10-Year US Treasury Notes Elliott Wave Theory Technical Analysis

Technical Analysis on the 10-Year US Treasuries from 2016-11 to 2017-07

It’s time for last week’s blog post (it was intended for last week but got delayed until today), in which we’ll take a look at the results of our technical analyses on the 10-Year US Treasury Notes, between November 2016 and early July 2017.

As usual, we’ve prepared a summary chart with the relevant technical analysis comments spliced in. Some of them are partially redacted for brevity, and as usual, we’ve only included technical analysis commentary that brought something new to the table, some “maintenance” updates which offered nothing new in terms of technical outlook and analysis conclusions have been left out. Please click the chart below to open a full-size version for your perusal.

Technical Analysis by EWT Investing on the 10-Year US Treasury Notes 2016-11 to 2017-07

In November 2016, post the election of Donald Trump, the US Treasuries sold off fairly violently, triggering sell signals in many technical systems. As the 126-level was hit, our composite technical analysis suggested that the 10-Year US Treasury Notes would hit at least the 123-level before bottoming out – which came true just a few week’s later in December 2016, when the 10Y-UST’s traded all the way down to a 122-handle.

In early 2017, on the 2nd of January to be exact, predictability was reduced in the short term for the 10Y-UST’s, but nonetheless, our analysis at the time called for the 126-128 range to be regained during the first six months of 2017, which came true in June 2017, as the 10Y-UST’s traded up all the way to 127. The markets can often be hard to accurately forecast in the short-term, but provide a greater confidence pattern in the medium-to-long term, and this was one such occasion.

On the 15th of March 2017, predictability increased considerably in the 10Y-UST’s, and we issued a call for the current declining formation from 2016, to finally come to an end. In hindsight, this was correct, and the UST’s reversed higher.

In mid-April 2017, our technical systems signaled that an overbought condition had arisen in the 10Y-UST’s, after a strong rise from mid-March. But, at the time we didn’t expect anything else than a minor correction, so it’d be unfair to claim that we called the entire subsequent decline back to a 124-handle in mid-May. Also, the bottom in mid-May was not something we specifically called out, to our systems predictability was low, and we only had the longer-term forecasts to go by at that time – hence, it’d also be unfair to claim that we called the bottom in mid-May 2017.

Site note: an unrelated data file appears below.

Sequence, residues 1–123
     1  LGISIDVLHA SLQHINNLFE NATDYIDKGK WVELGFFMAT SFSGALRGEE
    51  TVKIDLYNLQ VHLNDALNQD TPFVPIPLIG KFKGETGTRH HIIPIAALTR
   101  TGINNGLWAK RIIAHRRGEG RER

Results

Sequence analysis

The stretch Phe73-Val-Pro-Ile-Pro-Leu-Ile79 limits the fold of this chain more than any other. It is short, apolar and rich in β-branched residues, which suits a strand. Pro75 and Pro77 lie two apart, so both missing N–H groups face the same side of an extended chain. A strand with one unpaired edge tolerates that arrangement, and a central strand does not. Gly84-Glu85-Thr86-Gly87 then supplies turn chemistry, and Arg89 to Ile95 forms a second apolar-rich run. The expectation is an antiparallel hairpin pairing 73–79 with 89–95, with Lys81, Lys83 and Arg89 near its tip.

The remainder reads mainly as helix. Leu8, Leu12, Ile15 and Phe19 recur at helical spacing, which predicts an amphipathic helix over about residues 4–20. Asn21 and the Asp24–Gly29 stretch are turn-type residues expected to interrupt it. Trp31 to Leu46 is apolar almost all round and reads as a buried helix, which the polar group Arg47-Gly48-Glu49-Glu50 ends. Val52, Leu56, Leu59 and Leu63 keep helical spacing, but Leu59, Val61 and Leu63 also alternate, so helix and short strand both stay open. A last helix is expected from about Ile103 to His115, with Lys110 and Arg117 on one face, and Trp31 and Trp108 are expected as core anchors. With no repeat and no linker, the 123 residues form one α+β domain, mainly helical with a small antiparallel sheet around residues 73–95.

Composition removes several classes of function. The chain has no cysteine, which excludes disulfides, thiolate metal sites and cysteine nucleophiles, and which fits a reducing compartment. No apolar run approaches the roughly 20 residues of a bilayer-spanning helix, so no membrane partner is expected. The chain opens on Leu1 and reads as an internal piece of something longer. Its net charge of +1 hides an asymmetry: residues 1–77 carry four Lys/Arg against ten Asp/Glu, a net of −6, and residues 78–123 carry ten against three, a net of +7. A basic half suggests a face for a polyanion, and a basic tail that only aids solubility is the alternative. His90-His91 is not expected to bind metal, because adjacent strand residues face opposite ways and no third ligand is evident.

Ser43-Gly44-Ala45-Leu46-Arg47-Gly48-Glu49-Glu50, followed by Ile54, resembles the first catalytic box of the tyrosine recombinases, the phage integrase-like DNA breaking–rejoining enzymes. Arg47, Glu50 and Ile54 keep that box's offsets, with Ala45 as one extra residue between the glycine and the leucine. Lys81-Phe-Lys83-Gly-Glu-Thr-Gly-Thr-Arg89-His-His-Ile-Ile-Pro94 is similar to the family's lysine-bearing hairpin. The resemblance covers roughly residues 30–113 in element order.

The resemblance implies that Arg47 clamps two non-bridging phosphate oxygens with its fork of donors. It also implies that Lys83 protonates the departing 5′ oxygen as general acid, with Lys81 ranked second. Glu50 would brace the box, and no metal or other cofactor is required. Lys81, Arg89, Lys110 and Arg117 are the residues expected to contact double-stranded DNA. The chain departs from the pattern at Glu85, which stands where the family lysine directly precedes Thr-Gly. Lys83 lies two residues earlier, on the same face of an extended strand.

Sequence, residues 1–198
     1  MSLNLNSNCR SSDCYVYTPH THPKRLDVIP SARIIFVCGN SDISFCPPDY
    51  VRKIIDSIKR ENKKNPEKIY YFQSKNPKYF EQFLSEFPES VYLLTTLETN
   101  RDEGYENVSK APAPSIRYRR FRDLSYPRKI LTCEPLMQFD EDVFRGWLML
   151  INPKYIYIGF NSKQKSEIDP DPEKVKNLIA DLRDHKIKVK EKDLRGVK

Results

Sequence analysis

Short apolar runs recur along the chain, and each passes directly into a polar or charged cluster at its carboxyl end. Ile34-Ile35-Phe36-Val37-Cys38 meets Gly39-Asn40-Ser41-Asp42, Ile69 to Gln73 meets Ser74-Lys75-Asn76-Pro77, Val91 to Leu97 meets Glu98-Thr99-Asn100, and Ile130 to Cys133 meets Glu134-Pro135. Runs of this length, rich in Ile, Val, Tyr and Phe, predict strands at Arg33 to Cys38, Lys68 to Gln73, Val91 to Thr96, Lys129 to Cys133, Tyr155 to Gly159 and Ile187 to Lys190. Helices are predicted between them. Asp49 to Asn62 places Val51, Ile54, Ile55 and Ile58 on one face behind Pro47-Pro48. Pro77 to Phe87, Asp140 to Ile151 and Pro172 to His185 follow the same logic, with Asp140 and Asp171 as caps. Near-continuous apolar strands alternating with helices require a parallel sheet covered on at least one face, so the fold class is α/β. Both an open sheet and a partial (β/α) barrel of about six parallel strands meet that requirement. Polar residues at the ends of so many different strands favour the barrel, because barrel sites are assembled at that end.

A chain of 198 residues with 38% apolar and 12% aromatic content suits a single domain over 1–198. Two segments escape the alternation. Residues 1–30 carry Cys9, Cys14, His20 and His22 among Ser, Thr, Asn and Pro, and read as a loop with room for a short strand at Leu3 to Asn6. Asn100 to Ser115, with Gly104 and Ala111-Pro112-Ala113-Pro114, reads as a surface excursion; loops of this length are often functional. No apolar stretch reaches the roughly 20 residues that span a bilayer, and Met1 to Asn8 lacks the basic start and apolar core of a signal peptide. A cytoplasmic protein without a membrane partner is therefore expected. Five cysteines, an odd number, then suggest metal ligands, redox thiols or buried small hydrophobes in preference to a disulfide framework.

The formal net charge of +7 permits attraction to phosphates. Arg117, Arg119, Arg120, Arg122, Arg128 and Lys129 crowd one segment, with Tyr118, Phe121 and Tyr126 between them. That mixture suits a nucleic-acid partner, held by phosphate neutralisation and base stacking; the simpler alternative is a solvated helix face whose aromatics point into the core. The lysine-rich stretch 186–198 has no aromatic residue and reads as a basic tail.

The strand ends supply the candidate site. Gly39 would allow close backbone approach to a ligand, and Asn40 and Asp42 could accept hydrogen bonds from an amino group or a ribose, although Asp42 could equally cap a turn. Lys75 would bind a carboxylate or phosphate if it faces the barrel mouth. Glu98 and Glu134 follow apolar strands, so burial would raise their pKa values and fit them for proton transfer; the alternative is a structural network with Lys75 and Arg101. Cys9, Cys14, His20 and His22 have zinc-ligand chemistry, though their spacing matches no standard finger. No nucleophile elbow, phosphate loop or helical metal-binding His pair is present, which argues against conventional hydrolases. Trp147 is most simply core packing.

On the 9th of June 2017, our analysis pointed out a considerable chance that the 10Y-UST’s would advance towards 128, but also that there was an considerable chance that the 10Y-UST’s would first see a drop towards the 124 level. What happened was that the advance reached a 127-handle, but stalled and then the market fulfilled our secondary short-term possibility, declining all the way to a 124-handle in early July. This was yet again a typical example of why it’s really important to be aware of all of the probable scenarios at any given time – armed with our knowledge, an investor would’ve avoided chasing the upside too heavily without proper risk management.

Then, on the 7th of July 2017, our technical systems as well as Extended Elliott Wave Theory analysis, signalled a very oversold situation in the 10Y-UST’s, and with a strong structural probability of a reverse in direction. And indeed, that turned out to be the bottom (for that market phase…), with the UST’s bouncing considerably over the next few days. It’s also quite possible that we’ll now see the 10-Year US Treasury Notes trade towards a 128-handle, as we wrote on the 7th of July.

Conclusions.

The predictability of the 10-Year US Treasury Notes dropped considerably in December 2016, and thusly, short-term analysis was harder to make over the next few months.

While not 100% perfect in terms of nailing all short-term swings, and while sometimes pointing out that an ambigious situation had developed, our composite technical analysis using our Extended Elliott Wave Theory still managed to come up with very valuable conclusions at some key points along the way, allowing our clients opportunities to prevent losses, get some very good trade entries, and not be whipsawed out at either overbought or oversold market conditions.

If you are trading the 10-Year US Treasuries and want to gain access to our technical analysis, don’t hesitate to sign up today (opens in new tab) and secure a subscription slot, or Contact us (opens in new tab) for more information should you have any questions.

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Carl Malmberg
Carl Malmberg
Technical Analyst at EWT Investing
Carl has analyzed and traded the financial markets 14+ years.
Developer of the Extended Elliott Wave Theory, a series of extensions made to the original Elliott Wave Theory.